Baidu gets the green light to test self-driving cars in China

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Chinese search giant Baidu has received approval to start testing its cars without a driver in Beijing, Reuters reports. It is a sign of China's strong support for the industry following the first death of pedestrians from an autonomous Uber vehicle in the US. UU
Baidu, which is known as the Chinese version of Google, received a permit to test its vehicles on 33 roads covering about 65 miles (105 kilometers) in the less populated suburbs of the city, the company said in a statement. Baidu is considered the national leader in autonomous driving, and launched a new platform last year to help automakers produce autonomous vehicles more quickly.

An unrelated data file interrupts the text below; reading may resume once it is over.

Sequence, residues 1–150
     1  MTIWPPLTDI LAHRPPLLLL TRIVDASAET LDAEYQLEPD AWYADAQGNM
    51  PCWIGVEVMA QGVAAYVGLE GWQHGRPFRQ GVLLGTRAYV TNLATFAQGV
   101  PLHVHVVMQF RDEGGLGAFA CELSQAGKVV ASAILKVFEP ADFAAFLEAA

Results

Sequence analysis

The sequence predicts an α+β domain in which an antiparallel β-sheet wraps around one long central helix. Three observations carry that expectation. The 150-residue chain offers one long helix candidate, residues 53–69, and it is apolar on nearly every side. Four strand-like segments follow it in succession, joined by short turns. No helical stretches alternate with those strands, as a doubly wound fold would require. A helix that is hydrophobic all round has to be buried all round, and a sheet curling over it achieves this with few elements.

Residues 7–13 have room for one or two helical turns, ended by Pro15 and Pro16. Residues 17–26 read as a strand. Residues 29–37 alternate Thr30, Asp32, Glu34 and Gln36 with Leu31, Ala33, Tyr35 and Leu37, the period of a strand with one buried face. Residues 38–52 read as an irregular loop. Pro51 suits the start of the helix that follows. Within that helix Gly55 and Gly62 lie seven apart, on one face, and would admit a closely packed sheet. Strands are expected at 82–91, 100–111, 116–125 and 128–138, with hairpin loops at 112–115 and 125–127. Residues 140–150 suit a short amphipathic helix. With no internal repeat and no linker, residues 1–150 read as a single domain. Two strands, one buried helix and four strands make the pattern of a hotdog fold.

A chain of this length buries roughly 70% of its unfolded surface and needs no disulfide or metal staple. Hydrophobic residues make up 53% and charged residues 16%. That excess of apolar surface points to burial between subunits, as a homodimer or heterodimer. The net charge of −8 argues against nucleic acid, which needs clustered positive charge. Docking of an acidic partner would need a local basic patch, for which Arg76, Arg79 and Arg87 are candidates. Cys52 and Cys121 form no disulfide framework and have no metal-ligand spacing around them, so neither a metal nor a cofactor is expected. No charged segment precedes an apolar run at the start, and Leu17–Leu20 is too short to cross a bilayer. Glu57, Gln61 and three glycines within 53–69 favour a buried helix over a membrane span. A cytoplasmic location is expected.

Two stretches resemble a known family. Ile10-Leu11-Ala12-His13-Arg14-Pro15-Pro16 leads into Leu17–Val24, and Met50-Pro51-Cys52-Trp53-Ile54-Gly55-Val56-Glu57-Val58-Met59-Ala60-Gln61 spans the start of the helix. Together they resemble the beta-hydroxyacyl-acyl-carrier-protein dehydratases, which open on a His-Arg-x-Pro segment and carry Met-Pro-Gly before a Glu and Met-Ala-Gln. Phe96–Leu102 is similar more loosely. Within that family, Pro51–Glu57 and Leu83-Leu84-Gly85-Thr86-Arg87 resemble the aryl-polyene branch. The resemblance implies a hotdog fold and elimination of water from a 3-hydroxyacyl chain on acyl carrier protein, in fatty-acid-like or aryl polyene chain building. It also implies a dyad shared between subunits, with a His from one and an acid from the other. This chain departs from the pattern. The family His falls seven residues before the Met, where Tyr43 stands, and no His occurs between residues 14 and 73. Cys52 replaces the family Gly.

Earlier this month, China issued licenses for SAIC Motor Corp, based in Shanghai, and NIO, for the commissioning of electric vehicles, to begin testing vehicles that circulate on their own. Didi Chuxing, the great giant of China, is also developing its own autonomous vehicles.
That said, China is still trying to catch up with the United States in terms of public tests on the road, and Baidu is considered to be in the best position to help the country regain lost ground. Last year, Baidu said it would first open the Apollo Project for cars operating in restricted environments, before offering it to vehicles that drive in simple urban conditions. The company predicts that it will have cars operating completely autonomously on roads and regular roads by 2020.
Baidu CEO Robin Li sparked controversy last year when he tested one of his company's driverless cars for a technology conference in defiance of China's rules banning those tests. According to reports, Li was the subject of an investigation after the test, although no results have ever been reported.

ICS
ICS

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